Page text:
Until a month before, I had never even heard of the Fog. We had run into a player from the team named Derrick Mickle at East Bay Pride in August and had had a short but wonderful chat with him about the Fog and its sports inclusive mission. Mickle said he had just been asked to change positions to fullback, and when I mentioned that was what I played in college, he peppered me with questions about how to approach the position.
Then during the week following 9/11, we began learning through news reports about Mark Bingham, an early Fog player who inspired Mickle to start the club in 2001 and who had been instrumental in the successful but fatal battle by passengers on United Flight 93 to prevent terrorists from flying it into a target in the nation's capital, crashing it into a rural field in Pennsylvania instead. The mainstream news media had been shamefully slow to provide the same kind of personal profile information about Bingham's life that they had immediately publicized about his fellow passengers, but with the passing days they gradually filled in the blanks and it became known he was a gay man.
So that Saturday, I wanted to be on the field with other athletes, be there to show my support as they grieved the loss of their friend.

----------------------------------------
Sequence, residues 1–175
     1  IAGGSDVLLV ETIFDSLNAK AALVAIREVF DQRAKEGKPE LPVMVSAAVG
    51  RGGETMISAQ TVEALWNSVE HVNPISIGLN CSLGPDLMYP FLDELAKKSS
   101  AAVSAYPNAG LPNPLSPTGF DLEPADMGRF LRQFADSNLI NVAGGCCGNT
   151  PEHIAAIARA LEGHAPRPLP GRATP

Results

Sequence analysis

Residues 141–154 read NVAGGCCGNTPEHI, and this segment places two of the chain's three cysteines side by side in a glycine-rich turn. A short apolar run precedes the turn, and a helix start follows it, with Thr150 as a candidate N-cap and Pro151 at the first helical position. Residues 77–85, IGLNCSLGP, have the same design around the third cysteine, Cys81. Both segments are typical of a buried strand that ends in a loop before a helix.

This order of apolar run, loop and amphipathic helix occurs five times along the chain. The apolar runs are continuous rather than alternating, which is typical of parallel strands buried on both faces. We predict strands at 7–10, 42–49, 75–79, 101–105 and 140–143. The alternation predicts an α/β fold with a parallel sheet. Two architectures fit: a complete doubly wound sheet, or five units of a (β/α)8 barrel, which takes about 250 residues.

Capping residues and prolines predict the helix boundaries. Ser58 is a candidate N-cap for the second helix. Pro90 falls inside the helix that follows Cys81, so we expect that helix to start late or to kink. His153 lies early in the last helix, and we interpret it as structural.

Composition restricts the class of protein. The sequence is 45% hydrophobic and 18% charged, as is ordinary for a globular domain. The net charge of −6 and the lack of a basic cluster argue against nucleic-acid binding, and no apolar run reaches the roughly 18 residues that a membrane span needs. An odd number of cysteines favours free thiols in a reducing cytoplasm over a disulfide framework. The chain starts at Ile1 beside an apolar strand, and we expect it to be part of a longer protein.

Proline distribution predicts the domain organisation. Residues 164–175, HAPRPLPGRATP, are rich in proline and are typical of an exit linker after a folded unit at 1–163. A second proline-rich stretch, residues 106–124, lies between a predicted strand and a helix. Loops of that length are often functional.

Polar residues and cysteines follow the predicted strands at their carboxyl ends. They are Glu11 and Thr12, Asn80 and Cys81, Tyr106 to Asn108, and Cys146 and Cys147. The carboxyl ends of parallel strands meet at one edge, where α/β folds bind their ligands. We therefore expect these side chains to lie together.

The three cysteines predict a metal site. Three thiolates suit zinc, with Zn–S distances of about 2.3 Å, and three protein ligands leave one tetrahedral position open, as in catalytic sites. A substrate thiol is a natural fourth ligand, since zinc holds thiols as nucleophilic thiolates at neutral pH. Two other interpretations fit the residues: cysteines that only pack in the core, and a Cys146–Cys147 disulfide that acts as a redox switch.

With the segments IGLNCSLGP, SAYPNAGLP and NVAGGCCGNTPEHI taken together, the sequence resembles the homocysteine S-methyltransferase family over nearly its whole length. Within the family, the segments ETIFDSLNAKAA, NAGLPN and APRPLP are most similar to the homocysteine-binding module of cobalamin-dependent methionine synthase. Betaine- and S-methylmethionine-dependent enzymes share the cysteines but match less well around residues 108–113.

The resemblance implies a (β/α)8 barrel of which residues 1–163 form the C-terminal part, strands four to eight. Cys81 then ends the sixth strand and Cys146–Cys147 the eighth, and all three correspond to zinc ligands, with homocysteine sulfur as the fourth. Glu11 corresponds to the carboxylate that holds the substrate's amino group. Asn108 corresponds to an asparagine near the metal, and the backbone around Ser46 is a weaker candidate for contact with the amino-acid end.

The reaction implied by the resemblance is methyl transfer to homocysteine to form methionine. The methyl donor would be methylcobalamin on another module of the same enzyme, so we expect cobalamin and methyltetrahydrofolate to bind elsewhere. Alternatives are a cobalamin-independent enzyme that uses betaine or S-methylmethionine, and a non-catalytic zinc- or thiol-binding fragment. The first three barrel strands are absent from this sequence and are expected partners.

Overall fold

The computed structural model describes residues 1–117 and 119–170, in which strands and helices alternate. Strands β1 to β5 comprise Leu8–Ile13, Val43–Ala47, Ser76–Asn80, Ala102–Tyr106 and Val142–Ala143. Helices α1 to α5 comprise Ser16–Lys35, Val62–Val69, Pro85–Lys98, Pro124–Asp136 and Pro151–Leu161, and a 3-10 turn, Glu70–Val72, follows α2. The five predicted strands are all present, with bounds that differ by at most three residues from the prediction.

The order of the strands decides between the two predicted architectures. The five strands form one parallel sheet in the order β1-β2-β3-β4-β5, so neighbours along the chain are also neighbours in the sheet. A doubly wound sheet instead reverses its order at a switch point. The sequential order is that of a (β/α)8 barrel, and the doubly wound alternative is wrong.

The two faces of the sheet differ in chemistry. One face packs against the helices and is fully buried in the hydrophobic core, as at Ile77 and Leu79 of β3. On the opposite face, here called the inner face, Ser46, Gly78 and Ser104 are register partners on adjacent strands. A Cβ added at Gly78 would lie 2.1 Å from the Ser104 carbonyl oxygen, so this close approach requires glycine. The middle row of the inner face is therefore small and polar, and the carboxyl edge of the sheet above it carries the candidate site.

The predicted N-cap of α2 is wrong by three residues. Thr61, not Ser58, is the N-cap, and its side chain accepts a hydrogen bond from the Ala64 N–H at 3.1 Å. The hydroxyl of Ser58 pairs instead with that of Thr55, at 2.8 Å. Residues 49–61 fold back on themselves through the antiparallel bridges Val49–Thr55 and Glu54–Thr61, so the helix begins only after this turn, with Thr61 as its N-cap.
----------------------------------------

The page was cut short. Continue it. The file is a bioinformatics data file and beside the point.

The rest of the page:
The gray drizzle seems appropriate for the emotions of the day. Rugby and rugby players are by nature loud and boisterous. This day the tones were hushed. Mickel and I hugged. I introduced him to Eddie and Bessus, the dog. He introduced me to the players. There was not a lot to say, but it felt so right just to be there at that moment.
"It was just so sad," former Fog player Bryce Eberhart said of that time. "It was very sad because you just lost a friend. And then you have this political layer on top of that. And then the violence, because it was a murder. It all added to the complexity of grief — but it was good to have that support system in place, to be able to lean on each other."
Eberhart, 48, and I had similar introductions to rugby during our college years. I came back to my dorm room one evening and found 10 rather burly rugby players sitting in the hallway near my door getting very drunk. One decided to tackle me and I quickly pinned him. The others all laughed and another one tried tackling me. Pinned him, too. By the time I got to my room I had pinned all of them.
They hadn't realized I was a wrestler.
The next morning, there was a knock on our door and rugby players piled into our room. My roommate was a wrestler and lacrosse player. They roused us from our beds, threw our clothes at us and hustled us out of the room and down to their cars. As we drove from central Ohio down to Cincinnati, they gave us rugby shirts, showed us a ball, and explained the rules to us, and next thing we knew we were playing rugby.